The pattern in the photoresist is then transferred to the blanket layer of gate conductor 24 and the gate dielectric 22 utilizing one or more dry etching steps. In some embodiments, the patterned photoresist may be removed after the pattern has been transferred into the blanket layer of gate conductor 24. When an optional dielectric cap is present, the photoresist may be applied to the cap and the above processing is performed.
Suitable dry etching processes that can be used in forming the patterned gate region 40 include, but are not limited to: reactive-ion etching, ion beam etching, plasma etching or laser ablation. A wet or dry etching process can also be used to remove portions of the gate dielectric 22 that are not protected by the patterned gate conductor 24.
Disposable spacer 26 is removed and, with reference to
The width of the offset spacer 42 may be adjusted to compensate for different diffusion rates of p-type dopants and n-type dopants that are used in forming the diffusion regions 32 and 34. Typically, the offset spacer 42 has a lateral width from about 3 to about 20 nm, with a lateral width from about 7 to about 15 nm being even more typical. In some embodiments, the width of the offset spacer can be scaled below 3 nm or even eliminated if an advanced thermal process such as a laser anneal is used in activating the dopants within the diffusion regions 32, 34.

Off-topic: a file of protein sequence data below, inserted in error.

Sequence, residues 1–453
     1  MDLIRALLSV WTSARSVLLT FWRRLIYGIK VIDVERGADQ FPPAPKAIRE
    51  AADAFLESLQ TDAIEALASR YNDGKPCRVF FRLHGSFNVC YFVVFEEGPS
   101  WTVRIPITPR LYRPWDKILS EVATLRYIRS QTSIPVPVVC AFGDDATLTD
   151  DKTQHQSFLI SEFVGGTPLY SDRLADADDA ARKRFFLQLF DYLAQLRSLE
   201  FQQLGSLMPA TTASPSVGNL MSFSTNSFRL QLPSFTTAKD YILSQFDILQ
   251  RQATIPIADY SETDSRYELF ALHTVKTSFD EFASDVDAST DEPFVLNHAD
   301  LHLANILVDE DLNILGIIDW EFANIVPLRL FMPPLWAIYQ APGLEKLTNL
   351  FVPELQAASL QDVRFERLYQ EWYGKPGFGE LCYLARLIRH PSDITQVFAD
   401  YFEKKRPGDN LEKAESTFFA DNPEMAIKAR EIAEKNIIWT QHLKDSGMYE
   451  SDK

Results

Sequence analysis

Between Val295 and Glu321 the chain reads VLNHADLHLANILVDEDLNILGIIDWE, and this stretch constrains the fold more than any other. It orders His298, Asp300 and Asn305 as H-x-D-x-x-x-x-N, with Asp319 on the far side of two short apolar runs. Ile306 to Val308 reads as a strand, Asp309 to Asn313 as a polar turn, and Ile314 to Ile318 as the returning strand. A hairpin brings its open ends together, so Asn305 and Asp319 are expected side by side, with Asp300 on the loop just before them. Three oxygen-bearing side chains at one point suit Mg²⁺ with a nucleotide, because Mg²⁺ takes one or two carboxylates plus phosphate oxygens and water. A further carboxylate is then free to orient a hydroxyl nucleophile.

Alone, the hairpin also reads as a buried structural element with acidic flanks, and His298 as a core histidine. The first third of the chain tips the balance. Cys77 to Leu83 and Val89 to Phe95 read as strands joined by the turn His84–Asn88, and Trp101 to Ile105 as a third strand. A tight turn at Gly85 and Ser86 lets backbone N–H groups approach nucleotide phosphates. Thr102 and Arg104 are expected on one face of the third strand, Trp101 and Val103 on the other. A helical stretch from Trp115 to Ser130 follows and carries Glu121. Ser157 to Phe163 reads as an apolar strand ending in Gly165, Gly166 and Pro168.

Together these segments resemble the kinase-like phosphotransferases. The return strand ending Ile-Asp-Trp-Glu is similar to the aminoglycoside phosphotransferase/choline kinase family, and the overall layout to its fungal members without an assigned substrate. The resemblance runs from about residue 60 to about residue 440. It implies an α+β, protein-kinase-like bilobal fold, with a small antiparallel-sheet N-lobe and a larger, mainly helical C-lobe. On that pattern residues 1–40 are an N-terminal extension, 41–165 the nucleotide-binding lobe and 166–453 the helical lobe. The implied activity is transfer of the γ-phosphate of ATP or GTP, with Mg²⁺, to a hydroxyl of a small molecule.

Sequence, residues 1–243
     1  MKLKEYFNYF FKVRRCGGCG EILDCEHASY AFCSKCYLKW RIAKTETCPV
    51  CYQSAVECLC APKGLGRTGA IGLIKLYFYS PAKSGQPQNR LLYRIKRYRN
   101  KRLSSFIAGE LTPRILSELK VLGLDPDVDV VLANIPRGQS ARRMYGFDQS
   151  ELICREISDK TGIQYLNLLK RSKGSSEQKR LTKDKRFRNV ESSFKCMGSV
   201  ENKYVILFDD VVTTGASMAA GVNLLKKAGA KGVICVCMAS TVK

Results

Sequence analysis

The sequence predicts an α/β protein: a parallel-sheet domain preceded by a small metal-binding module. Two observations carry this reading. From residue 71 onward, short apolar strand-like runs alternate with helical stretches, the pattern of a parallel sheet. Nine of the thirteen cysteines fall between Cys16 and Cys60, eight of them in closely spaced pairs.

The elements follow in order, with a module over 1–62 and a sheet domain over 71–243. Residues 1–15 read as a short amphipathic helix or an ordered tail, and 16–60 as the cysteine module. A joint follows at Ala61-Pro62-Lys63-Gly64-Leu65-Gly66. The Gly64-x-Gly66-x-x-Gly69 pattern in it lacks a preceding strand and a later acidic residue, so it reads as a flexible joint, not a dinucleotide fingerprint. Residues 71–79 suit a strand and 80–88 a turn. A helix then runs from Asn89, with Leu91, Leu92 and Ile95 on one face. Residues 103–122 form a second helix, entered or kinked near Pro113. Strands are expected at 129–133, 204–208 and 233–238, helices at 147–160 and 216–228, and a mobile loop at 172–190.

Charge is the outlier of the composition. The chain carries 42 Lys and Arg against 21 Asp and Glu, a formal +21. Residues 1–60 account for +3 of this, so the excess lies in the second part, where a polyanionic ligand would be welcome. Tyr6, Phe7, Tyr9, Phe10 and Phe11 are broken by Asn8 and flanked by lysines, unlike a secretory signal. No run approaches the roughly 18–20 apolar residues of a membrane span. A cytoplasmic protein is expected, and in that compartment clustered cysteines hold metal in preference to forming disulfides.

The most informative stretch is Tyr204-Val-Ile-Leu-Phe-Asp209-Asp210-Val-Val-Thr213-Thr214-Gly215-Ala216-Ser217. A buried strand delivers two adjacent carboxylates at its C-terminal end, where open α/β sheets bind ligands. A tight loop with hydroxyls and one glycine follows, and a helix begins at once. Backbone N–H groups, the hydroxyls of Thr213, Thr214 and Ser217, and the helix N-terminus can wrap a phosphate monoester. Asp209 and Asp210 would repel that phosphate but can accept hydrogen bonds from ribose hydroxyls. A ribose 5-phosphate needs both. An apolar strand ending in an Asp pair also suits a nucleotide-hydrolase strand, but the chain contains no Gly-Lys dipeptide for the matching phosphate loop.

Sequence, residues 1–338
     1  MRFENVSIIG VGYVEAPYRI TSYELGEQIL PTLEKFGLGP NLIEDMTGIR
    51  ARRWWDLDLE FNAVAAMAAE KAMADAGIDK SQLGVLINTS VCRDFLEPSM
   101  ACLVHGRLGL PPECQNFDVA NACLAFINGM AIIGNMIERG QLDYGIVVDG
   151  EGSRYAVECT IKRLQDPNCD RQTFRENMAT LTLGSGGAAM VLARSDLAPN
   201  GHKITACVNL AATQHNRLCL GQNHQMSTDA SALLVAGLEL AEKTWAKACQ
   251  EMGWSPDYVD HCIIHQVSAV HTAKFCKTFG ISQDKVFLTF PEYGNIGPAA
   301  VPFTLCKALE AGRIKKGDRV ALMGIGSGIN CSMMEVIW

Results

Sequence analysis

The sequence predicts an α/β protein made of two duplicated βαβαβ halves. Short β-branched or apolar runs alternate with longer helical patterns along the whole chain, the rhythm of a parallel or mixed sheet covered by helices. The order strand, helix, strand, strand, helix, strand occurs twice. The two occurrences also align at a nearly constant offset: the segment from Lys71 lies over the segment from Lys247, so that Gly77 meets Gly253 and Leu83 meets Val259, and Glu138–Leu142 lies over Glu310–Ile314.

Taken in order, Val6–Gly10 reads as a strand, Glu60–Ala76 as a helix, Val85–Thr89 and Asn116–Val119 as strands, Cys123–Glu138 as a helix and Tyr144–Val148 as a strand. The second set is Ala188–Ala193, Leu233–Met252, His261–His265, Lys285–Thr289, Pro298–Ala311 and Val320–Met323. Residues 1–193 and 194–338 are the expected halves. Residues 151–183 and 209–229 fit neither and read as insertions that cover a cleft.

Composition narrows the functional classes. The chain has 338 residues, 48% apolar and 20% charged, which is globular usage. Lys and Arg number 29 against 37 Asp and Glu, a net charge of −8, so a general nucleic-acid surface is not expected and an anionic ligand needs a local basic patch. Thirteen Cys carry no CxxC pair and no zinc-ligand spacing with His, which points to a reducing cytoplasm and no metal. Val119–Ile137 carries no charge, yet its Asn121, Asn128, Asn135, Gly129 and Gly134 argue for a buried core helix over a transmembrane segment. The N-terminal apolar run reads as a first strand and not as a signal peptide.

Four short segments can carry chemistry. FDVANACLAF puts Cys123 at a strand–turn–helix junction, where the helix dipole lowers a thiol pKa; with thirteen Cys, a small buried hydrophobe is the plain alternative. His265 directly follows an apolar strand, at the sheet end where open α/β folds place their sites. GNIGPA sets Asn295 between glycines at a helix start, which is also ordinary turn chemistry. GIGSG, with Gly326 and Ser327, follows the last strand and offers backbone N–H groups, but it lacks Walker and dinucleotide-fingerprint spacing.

A halo implant may be performed at this point of the process utilizing a conventional halo ion implantation process. Although a halo ion implantation can be used, it does not represent the formation of another diffusion region. The structure including the diffusion regions 32 and 34 and offset spacer 42 is shown in
The next step, illustrated in
With reference to
With reference to
In another embodiment, the stress layer comprises compressive stress material, and, for example, silicon nitride may also be used to form a compressive stress layer. Typically, the thickness of the stress layer is about 400-1000 Å. Preferably, the thickness of the second stress layer is about 600 Å. Other thicknesses are also useful. Various techniques, such as low pressure CVD (LPCVD), plasma enhanced CVD (PECVD), high density plasma CVD (HDPCVD), rapid thermal CVD (RTCVD) or BTBAS-based CVD can be used to form the second stress layer. In one embodiment, the second stress layer is formed by HDPCVD using a silane (SiH4) precursor.